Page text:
Total Eclipse Hits Chile, Home To Half Of World's Telescopes

Jul 6, 2019
Originally published on August 19, 2019 9:21 am

MICHEL MARTIN, HOST:

Much of South America experienced a solar eclipse this week. NPR's Joe Palca went to Chile to see it in its totality. And because half of the world's major telescopes are in Chile, he decided to stick around and see what researchers are studying. And Joe Palca is with us now from 17,000 feet.

Hi, Joe.

JOE PALCA, BYLINE: Hey, Michel. How are you doing?

MARTIN: OK. So where are you right now, exactly?

PALCA: Well, yes. As you said, I'm at 17,000 feet in the Atacama Desert. And this place is wonderful for viewing because it's so high, so the - most of the atmosphere is - well, it's not most below us, but a lot of it is below us. And the air is very dry, and the wavelengths that people want to study, the stars and galaxies at - up here, there's very dry air, and the wavelengths are not - they're coming through clear because water vapor absorbs wavelengths that they're interested in, so they want to get as far away from water vapor as they can. So they're up high. And there's other places here besides the Atacama that are in the Andes - very high, very good viewing - or seeing, as they call it in astronomy.

MARTIN: And is that why, as you told us, that half of the world's major telescopes are in Chile? Is that why they're all there?

PALCA: Well, yeah. It's because it's a great location. And the one I'm at right now is not one of the major telescopes. It's a smaller one. It's called CLASS - the Cosmology Large Angular Scale Surveyor. And what it's doing is looking for signals, traces of the earliest moments of the universe that were laid down in something called gravitational waves. Those gravitational waves have a certain property known as a polarization, and it should be possible to see that polarization left behind in the wavelengths that they're studying at CLASS. That's what they're doing here.

MARTIN: So where else have you been on this trip?

PALCA: Yesterday, I was at a telescope which I can actually see from here. It's not a single telescope. It's actually 66 dishes - like, you know, large satellite antennas - scattered across the Atacama Desert. And it's called ALMA - the Atacama Large Millimeter Array. And that's an international collaboration involving several countries - Europe, Japan, the United States National Science Foundation. This array can image dust.

Now, why do you want to look at dust? Well, it turns out that dust is what makes planets form. And so if you can observe the dust that forms around a young star, you can actually see where the planets are forming around that star. And it's kind of cool.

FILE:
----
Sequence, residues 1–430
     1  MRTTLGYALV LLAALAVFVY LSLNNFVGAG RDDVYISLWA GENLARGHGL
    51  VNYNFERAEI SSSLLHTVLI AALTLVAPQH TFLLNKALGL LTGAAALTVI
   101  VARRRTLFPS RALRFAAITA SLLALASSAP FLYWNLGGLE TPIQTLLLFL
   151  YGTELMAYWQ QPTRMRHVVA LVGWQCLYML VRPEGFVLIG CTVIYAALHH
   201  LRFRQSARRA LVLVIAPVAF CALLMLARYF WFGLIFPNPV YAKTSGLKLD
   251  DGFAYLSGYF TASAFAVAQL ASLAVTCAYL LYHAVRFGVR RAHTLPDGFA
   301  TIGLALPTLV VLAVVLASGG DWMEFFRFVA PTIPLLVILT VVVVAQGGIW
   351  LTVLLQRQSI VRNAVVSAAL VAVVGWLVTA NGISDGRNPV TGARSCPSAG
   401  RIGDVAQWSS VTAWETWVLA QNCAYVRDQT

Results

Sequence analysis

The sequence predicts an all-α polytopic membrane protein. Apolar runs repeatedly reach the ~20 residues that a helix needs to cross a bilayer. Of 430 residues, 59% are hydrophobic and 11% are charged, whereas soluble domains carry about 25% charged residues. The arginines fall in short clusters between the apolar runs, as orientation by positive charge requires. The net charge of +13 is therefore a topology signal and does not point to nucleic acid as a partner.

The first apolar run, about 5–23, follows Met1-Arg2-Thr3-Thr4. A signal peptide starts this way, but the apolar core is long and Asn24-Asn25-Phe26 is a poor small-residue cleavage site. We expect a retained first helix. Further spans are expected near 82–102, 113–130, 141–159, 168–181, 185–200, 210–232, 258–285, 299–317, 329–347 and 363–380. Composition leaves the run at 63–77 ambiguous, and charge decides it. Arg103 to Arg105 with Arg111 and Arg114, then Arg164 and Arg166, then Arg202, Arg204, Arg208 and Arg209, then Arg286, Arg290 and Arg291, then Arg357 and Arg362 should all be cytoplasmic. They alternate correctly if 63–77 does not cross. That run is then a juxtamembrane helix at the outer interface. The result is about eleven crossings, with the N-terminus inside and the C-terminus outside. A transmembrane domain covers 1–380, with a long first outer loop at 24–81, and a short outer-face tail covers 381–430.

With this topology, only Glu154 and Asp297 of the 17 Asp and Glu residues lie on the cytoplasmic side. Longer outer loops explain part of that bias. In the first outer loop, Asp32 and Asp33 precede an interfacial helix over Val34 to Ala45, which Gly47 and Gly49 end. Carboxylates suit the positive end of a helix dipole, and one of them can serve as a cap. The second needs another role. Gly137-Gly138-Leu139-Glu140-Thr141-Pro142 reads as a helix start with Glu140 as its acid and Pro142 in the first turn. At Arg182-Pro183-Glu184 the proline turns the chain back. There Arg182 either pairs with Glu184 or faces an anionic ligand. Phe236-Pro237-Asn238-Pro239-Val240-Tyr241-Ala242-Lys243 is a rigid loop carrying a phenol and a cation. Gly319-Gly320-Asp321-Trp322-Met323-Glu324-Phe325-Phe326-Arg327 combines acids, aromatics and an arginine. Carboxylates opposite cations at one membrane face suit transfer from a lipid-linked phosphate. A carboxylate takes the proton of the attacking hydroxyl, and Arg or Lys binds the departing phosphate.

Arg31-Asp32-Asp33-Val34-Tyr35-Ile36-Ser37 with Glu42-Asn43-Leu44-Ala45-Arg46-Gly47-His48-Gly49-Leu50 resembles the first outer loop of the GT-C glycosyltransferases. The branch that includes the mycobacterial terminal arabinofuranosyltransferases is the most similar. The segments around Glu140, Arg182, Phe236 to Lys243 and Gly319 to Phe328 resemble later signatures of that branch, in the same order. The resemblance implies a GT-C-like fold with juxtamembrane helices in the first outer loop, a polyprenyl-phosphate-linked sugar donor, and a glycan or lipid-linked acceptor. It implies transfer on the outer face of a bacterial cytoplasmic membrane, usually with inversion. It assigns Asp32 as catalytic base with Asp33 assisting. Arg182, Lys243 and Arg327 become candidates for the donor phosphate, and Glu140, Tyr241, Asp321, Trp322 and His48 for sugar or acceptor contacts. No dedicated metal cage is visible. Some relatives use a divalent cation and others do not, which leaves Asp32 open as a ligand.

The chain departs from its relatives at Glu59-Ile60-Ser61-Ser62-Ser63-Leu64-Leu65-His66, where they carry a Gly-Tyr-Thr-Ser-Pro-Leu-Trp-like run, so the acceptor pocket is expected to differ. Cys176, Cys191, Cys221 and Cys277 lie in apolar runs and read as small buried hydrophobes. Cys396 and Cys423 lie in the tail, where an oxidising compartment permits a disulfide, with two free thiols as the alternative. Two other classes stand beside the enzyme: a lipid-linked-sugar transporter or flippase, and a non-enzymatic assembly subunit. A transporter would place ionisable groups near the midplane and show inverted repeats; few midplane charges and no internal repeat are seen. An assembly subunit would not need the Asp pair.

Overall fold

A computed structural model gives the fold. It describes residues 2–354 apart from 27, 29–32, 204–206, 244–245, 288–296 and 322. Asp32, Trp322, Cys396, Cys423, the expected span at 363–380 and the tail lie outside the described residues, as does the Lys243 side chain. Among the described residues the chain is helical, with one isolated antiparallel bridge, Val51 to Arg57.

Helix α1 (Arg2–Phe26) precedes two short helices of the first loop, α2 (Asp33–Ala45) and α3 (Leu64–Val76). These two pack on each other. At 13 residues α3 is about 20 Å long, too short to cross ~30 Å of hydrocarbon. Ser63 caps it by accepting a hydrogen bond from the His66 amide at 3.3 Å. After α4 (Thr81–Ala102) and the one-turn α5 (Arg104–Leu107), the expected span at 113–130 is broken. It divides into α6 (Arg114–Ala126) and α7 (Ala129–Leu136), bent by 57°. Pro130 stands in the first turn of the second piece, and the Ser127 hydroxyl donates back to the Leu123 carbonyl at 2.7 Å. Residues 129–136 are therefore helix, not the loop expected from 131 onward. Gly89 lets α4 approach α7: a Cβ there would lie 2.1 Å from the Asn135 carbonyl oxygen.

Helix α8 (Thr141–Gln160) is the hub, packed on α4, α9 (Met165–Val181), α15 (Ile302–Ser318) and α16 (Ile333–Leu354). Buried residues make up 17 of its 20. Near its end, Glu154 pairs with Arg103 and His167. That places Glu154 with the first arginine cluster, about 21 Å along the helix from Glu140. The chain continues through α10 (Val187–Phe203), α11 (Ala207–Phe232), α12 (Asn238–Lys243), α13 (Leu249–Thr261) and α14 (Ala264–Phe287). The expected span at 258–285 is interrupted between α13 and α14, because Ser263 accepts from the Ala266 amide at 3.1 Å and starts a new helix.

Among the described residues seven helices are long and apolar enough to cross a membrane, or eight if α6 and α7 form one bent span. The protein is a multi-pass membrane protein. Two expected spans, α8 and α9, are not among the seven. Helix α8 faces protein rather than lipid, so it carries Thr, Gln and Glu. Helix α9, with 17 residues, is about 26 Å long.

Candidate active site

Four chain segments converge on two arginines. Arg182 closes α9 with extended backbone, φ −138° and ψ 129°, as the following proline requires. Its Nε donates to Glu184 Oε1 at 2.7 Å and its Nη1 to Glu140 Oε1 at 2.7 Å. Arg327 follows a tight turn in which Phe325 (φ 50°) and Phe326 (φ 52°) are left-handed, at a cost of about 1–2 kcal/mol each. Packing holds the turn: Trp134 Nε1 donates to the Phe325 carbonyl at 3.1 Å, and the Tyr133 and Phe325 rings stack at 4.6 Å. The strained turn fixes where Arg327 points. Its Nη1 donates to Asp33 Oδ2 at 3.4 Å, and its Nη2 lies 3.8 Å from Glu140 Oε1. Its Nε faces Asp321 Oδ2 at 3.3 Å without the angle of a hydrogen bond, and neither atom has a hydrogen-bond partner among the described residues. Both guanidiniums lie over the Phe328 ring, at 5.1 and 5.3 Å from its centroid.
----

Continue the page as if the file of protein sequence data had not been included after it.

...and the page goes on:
MARTIN: It sounds pretty cool. You know, when people think of telescopes, they think of something that shows, like, a tiny part of the sky. Is there anything there that allows you to see the big-screen version (laughter)? Let's call it that.

PALCA: Yeah. Yeah. Well, that's where I was a couple days ago - at the Cerro Tololo Inter-American Observatory. That's where I actually watched the eclipse from. But there's a telescope going up called the Large Synoptic Survey Telescope - LSST. And that looks at the whole sky, and it looks for things that are changing from one night to the next. And so it's sort of looking for things that go bump in the night. You can see maybe some star exploded, or a planet swam into your field of view or something lit up. So it's things that are changing over the night sky, and you can see the whole sky because it takes two nights for this telescope to image the entire southern sky.

MARTIN: You know what? You're just having so much fun, I'm afraid you might not come back.

PALCA: (Laughter).

MARTIN: So before - so just in case that happens, you were there for the eclipse. How was it?

PALCA: The eclipse - you know, people say, how was the eclipse? It was fantastic. How did it compare to others? I have no idea. It was the first one I ever saw. But the scientists seemed pleased that were watching it with me both as a scientific event and as a spiritual event. So it was a really good example of a total solar eclipse.

MARTIN: That is NPR's science correspondent Joe Palca reporting from Chile.

Joe, come back.

PALCA: I'll try, Michel. It's really nice up here. Transcript provided by NPR, Copyright NPR.